Car thieves can now steal your vehicle without even touching your keys.

Criminals armed with relay gadgets can hack the security code from your car key remotely and then use the code to unlock your vehicle.

The method, known as relay crime, allows car thieves to steal your car within 50 seconds as the video above shows.

Improved vehicle security, such as immobilisers, means that a vehicle cannot be started unless the key is used.

It has led to an increase in carjackings and the emergence of 'Hanoi' burglaries where thieves use fishing rods and other snags to steal vehicle keys through a letterbox or window.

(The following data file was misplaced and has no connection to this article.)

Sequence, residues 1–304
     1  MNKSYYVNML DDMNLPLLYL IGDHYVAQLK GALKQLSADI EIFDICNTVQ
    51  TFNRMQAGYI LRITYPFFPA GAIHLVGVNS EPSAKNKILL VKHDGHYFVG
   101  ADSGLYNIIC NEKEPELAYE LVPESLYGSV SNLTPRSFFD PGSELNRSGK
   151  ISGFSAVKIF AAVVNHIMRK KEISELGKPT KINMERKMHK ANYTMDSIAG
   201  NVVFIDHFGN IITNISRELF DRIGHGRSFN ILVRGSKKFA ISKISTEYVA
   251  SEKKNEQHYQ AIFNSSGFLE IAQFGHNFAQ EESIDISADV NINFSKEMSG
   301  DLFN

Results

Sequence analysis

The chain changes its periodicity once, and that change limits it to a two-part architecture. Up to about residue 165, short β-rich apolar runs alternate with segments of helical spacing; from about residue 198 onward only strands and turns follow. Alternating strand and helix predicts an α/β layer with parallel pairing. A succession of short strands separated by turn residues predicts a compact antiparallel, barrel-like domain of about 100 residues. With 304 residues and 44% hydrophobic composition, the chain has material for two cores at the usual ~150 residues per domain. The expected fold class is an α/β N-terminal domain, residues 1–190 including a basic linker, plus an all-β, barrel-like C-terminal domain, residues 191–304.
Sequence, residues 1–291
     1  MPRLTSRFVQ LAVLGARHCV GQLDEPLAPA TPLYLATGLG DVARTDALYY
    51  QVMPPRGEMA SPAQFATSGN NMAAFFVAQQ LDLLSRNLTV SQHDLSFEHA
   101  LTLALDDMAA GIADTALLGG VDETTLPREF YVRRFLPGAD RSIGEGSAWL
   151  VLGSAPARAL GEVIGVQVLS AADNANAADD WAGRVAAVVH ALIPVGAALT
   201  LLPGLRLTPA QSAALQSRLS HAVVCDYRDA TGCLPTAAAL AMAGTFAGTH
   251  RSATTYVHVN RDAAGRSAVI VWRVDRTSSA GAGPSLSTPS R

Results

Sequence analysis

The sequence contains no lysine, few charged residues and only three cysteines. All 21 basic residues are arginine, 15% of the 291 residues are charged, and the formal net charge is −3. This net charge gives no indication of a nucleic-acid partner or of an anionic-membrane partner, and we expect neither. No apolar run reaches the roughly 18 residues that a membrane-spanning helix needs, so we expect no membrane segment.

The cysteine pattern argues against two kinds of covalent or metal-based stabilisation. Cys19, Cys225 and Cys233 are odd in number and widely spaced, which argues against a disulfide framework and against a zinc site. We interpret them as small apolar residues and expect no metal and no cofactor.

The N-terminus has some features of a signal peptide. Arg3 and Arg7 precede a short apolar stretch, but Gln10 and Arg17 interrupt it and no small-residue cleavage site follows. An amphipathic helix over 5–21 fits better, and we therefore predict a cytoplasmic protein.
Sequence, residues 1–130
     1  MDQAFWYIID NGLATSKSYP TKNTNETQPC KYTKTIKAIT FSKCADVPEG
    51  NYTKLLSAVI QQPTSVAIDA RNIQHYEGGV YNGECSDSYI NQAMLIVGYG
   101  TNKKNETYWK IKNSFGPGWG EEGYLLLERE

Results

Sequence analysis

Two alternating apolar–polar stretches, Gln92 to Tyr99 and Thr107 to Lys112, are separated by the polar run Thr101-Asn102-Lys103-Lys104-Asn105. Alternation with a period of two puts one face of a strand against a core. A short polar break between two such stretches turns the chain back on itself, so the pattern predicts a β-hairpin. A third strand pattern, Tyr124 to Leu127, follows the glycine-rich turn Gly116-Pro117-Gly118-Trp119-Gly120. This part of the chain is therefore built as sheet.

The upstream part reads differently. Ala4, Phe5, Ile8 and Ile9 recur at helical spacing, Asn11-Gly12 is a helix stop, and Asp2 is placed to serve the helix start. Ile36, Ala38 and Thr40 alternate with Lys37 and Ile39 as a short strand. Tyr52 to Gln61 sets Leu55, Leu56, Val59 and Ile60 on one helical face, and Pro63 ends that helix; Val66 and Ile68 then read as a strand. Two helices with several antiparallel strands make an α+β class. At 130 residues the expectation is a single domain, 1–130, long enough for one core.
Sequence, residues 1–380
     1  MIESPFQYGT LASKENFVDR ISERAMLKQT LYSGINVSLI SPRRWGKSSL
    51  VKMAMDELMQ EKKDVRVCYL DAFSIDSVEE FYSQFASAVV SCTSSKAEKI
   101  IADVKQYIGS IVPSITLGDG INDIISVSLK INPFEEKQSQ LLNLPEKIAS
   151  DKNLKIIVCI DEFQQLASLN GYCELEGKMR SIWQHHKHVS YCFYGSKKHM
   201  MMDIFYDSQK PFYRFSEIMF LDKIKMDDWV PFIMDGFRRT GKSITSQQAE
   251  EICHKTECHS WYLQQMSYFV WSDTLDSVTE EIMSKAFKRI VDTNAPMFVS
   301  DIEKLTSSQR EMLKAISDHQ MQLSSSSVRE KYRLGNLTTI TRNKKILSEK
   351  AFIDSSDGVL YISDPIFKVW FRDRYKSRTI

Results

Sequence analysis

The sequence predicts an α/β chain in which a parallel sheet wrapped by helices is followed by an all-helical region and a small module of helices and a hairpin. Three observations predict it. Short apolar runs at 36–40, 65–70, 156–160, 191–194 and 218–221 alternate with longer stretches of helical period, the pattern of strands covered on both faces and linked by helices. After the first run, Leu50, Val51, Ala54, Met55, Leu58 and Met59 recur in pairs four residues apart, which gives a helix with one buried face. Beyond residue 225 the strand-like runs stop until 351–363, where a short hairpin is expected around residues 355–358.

Even when you're not using it you car key emits a signal. In a relay theft one criminal will use a device to pick up the signal and steal the car's security code.

The thief will then relay it to his accomplice holding another transmitter near the vehicle.

The signal will be sent to the vehicle causing it to unlock.

How do you protect yourself?

Storing your car keys in a metal box can prevent thieves stealing your vehicle's code and your car

Store your key in a container lined with metal to stop thieves being able to pick up the signal.

Keep them well away from the front of the house, as if they are by the front door for example it will very easy for the gadget to pick them up.

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Turn off the radio signal on the key if possible. With Mercedes cars, you do this by clicking it twice.

A Thatcham approved steering lock can also be attached to the vehicle's steering wheel.

A version of this story first appeared in the Coventry Telegraph .